World Report 2011 - Iraq
|Publisher||Human Rights Watch|
|Publication Date||24 January 2011|
|Cite as||Human Rights Watch, World Report 2011 - Iraq, 24 January 2011, available at: http://www.refworld.org/docid/4d3e801ed.html [accessed 30 July 2014]|
Events of 2010
Human rights conditions in Iraq remain extremely poor, especially for journalists, detainees, displaced persons, religious and ethnic minorities, women and girls, and persons with disabilities. The United States officially ended its seven-year combat operations in August 2010, reducing the number of troops to about 49,700.
On March 7, 2010, millions of Iraqis from every part of the country braved mortar shells and rockets to vote in the national legislative election. In a blow to the election's credibility, the Supreme National Commission for Accountability and Justice disqualified more than 500 candidates because of alleged Ba'ath Party links, including several prominent politicians who were expected to do well. Incumbent Prime Minister Nuri al-Maliki, whose State of Law Coalition won 89 of the 325 seats, remained in office pending the formation of a new government, while Ayad Allawi's al-Iraqiya list won 91. The Iraqi National Alliance, a Shia coalition formed by the Islamic Supreme Council of Iraq and the followers of Muqtada al-Sadr, won 70 seats and the Kurdish parties obtained 57. Overall, the election results reflected sectarian divisions.
In November 2010 Iraq's political parties agreed to form a new coalition government eight months after parliamentary elections. The deadlock had created a political vacuum that allowed armed groups to reassert themselves in some areas.
Attacks on Civilians and Displacement
Repeated attacks by armed groups targeted civilians, exploiting the political stalemate and Sunni Arab discontent. Violence killed and injured hundreds of civilians each month, in one of the worst periods, more than 500 people died in August alone. Assailants targeted government buildings and officials, checkpoints, embassies, hotels, factories, markets, and mosques, as well as people gathered for religious pilgrimages, weddings, and funerals, mainly in Shia areas. Violent attacks have caused civilians to flee, creating internally displaced persons and refugees across borders.
Some refugees who had fled to Syria, Jordan, and Lebanon faced economic pressure and difficulties maintaining legal status abroad and returned home to Iraq. The Iraqi government has no adequate plan for the return of Iraqis who have been displaced internally or those who have fled to neighboring countries. Thousands of displaced persons within Iraq reside in squatter settlements without access to basic necessities such as clean water, electricity, and sanitation. Many are widows with few employment prospects. Their desperate situation has contributed to an increase in sex trafficking and forced prostitution.
The ongoing attacks, along with an abundance of abandoned landmines and cluster munitions, have created a disproportionately high number of persons with physical and mental disabilities, many of whom have not received support for rehabilitation and re-integration into the community.
Detention Conditions and Torture
Reports continued of widespread torture and other abuse of detainees in the custody of the defense and interior ministries and police. Government-run detention facilities struggled to accommodate almost 30,000 detainees, and serious delays in judicial review exacerbated overcrowding; some detainees have spent years in custody without charge or trial. The situation worsened in 2010 as the US military transferred most of its remaining prison sites and detainees to Iraqi custody. On July 15, US forces handed over their last prison, Camp Cropper, which housed about 1,700 detainees. US forces retained control over about 200 prisoners, including some former members of Saddam Hussein's government.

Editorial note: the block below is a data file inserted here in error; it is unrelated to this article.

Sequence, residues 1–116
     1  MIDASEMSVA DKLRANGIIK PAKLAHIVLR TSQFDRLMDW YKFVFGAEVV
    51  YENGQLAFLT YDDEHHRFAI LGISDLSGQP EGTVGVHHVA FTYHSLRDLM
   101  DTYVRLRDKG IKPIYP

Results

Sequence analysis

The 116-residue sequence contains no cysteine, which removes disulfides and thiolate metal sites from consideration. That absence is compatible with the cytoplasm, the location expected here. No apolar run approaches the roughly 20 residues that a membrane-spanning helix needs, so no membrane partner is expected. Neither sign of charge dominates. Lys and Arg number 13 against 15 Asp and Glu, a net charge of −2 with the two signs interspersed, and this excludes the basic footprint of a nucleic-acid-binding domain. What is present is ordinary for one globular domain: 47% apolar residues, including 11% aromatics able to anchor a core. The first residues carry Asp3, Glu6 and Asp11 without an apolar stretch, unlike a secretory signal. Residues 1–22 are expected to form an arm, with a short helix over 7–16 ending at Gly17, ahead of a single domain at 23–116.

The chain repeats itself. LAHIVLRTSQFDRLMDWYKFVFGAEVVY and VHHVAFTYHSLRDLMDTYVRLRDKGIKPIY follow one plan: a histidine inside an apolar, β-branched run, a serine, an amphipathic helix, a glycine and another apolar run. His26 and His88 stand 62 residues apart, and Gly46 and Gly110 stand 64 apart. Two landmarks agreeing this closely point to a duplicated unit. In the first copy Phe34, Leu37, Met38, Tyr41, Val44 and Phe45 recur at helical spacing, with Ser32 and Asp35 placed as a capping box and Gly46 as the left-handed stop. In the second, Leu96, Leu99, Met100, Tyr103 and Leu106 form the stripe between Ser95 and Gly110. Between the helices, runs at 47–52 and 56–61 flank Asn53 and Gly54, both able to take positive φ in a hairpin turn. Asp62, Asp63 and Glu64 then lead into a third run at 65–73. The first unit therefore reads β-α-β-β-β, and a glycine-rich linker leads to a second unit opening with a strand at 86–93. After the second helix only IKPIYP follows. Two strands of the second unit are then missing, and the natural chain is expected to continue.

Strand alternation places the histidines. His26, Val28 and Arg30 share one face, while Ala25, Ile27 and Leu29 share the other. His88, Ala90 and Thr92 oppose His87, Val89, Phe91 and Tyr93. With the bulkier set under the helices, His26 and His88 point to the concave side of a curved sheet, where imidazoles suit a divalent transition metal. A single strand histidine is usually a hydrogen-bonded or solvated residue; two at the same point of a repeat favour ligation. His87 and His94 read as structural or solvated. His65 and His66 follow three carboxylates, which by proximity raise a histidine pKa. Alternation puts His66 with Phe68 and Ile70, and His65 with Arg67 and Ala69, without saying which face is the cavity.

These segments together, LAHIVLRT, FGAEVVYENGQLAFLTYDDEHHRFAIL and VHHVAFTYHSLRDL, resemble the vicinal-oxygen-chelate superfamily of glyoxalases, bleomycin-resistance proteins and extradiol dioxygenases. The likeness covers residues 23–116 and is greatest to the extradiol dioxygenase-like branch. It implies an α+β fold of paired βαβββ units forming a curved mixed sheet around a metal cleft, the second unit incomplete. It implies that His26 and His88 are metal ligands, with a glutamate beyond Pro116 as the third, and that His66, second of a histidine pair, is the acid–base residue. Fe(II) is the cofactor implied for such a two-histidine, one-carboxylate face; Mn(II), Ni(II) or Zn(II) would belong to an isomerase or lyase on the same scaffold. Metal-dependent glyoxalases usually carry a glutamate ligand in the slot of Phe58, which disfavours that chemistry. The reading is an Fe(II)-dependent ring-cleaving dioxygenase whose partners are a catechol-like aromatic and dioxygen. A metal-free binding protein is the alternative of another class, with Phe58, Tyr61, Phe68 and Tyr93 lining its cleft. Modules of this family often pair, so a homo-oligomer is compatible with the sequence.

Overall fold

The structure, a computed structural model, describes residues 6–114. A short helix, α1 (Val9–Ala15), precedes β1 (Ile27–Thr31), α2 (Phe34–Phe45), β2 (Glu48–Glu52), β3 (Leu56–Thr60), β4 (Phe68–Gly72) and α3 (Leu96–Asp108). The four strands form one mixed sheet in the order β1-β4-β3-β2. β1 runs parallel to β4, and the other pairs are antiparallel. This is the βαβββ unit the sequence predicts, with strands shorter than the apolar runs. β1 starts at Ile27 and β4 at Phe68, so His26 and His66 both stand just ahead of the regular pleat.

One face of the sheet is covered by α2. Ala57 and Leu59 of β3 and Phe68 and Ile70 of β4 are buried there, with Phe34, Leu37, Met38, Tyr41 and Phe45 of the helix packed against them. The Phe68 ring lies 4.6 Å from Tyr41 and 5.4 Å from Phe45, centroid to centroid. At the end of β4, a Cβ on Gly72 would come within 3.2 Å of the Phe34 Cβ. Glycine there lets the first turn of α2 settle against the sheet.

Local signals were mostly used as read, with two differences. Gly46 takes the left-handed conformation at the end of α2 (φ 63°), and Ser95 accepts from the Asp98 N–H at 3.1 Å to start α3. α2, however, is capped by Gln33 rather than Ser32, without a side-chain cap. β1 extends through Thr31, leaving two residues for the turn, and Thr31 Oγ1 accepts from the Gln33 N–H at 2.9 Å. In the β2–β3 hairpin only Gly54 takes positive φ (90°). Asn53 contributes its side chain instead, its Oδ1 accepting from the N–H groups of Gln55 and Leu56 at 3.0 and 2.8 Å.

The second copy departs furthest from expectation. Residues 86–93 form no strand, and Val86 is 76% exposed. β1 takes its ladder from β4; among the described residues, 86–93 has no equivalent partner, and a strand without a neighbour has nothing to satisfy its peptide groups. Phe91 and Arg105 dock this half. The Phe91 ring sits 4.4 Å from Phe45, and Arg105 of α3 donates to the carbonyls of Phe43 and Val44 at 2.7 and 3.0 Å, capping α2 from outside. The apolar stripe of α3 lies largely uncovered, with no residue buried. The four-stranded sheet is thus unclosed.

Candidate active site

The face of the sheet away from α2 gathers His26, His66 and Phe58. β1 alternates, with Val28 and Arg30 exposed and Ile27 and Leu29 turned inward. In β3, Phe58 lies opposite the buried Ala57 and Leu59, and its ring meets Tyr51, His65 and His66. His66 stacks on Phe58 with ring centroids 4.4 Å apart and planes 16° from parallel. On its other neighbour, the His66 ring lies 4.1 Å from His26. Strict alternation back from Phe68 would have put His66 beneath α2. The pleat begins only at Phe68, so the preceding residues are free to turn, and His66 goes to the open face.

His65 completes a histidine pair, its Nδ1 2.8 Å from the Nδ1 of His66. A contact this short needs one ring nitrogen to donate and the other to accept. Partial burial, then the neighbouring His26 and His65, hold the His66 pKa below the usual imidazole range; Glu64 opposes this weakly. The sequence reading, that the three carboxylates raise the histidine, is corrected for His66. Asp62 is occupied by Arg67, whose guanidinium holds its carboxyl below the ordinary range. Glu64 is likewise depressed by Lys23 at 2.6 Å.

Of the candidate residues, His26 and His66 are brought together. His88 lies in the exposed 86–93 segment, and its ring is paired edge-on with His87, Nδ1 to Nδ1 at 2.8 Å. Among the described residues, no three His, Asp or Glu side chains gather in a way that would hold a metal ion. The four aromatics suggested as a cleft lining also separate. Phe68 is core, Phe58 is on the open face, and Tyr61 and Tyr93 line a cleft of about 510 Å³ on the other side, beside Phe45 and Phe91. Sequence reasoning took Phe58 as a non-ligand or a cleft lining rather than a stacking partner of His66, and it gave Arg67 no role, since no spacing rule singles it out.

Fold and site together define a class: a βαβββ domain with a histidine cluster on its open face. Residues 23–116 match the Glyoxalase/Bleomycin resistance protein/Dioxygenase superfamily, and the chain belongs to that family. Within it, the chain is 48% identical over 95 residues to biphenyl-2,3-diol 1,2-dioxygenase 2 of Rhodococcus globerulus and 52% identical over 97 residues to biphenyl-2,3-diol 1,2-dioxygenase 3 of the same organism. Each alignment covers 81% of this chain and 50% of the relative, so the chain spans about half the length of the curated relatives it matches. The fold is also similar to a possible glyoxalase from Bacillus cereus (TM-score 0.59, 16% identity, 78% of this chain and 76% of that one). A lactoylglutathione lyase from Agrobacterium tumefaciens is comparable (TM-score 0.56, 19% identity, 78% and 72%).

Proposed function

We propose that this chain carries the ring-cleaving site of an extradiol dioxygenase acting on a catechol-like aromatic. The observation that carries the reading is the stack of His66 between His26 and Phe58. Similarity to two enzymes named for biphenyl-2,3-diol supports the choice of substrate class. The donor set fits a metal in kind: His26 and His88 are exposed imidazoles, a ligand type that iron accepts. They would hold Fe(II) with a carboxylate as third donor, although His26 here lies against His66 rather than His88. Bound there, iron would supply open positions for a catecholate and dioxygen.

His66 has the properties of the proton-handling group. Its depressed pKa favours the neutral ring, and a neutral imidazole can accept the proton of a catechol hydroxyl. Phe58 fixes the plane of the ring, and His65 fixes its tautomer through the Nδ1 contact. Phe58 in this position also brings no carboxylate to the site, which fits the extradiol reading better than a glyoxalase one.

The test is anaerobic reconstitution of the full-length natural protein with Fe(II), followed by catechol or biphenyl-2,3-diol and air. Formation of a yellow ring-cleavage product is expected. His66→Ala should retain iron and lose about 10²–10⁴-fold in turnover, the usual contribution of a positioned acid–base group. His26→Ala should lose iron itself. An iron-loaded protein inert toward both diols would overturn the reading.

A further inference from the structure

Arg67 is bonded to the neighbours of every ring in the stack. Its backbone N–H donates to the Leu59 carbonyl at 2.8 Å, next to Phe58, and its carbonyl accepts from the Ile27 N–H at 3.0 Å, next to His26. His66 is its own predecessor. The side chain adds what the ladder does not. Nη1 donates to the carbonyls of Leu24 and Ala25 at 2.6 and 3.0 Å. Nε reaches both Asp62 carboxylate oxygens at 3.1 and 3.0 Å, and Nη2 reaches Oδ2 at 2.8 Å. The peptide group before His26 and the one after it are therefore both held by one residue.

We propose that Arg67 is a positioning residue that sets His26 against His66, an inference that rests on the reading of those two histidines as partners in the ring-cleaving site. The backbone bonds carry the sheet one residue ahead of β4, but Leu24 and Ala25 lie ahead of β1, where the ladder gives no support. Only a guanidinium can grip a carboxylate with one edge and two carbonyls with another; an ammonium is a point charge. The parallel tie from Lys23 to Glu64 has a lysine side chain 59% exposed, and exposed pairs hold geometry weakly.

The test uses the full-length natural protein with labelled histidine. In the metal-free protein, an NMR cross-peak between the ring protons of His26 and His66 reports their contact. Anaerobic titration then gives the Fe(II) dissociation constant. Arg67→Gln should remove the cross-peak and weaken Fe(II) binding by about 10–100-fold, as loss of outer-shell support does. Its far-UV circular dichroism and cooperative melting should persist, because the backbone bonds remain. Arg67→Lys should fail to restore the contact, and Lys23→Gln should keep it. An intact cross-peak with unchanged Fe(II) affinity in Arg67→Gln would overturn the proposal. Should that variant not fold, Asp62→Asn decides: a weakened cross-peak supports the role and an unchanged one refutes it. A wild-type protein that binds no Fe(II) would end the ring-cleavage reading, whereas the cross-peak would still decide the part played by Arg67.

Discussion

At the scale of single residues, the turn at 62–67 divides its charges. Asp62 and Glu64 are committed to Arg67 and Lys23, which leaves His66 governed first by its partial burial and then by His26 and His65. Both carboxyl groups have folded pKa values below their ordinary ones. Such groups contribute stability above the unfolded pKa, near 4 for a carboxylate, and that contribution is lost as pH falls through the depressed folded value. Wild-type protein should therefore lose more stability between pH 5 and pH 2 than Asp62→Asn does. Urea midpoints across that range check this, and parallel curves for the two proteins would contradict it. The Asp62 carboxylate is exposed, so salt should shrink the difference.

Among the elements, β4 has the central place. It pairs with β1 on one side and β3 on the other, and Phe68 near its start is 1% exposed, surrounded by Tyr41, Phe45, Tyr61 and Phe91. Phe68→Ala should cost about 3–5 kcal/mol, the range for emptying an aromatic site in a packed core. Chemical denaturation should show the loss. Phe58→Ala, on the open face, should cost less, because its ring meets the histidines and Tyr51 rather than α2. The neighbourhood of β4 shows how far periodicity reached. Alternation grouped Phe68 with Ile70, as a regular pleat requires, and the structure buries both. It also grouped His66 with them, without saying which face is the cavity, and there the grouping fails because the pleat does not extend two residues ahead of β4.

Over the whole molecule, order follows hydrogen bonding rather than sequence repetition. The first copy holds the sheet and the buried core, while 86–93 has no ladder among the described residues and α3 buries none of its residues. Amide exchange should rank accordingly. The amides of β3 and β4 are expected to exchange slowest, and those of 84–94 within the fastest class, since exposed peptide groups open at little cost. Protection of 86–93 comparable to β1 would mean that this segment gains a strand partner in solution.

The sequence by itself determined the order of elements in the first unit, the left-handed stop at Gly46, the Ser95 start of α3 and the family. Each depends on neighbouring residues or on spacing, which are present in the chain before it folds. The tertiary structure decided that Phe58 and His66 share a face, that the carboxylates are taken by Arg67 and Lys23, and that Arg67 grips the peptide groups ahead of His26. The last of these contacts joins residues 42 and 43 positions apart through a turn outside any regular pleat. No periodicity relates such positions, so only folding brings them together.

In April Human Rights Watch interviewed 42 detainees who had been tortured over a period of months by security forces at a secret prison in the old Muthanna airport in western Baghdad. The facility held about 430 detainees who had no access to their families or lawyers. The prisoners said security forces personnel kicked, whipped, and beat them, asphyxiated them, gave them electric shocks, burned them with cigarettes, and pulled out their fingernails and teeth. They said that interrogators sodomized some detainees with sticks and pistol barrels. Some young men said they were forced to perform oral sex on interrogators and guards, and that interrogators forced detainees to sexually molest one another. As of November government officials had not prosecuted any officials responsible.
Violence against women and girls continued to be a serious problem across Iraq. Women's rights activists said they remain at risk of attack from extremists who have also targeted female politicians, civil servants, and journalists. "Honor" crimes and domestic abuse remain a threat to women and girls, who also remain vulnerable to trafficking for sexual exploitation and forced prostitution due to insecurity, displacement, financial hardship, social disintegration, and the dissolution of rule of law and state authority.
Female genital mutilation is practiced mainly in Kurdish areas of northern Iraq. In November the Ministry of Health completed a statistical study on the prevalence of FGM and the data suggests that 41 percent of Kurdish girls and women have undergone this procedure. On July 6, 2010, the High Committee for Issuing Fatwas at the Kurdistan Islamic Scholars Union – the highest Muslim authority in Iraqi Kurdistan to issue religious pronouncements and rulings – issued a religious edict that said Islam does not prescribe the practice, but stopped short of calling for an outright ban. At this writing the women's rights committee of the Kurdistan parliament had finalized a draft law on family violence, including provisions on FGM, and the Ministry of Health announced plans to disseminate information on the practice's negative health consequences. But the government has not yet banned FGM or created a comprehensive plan to eradicate it.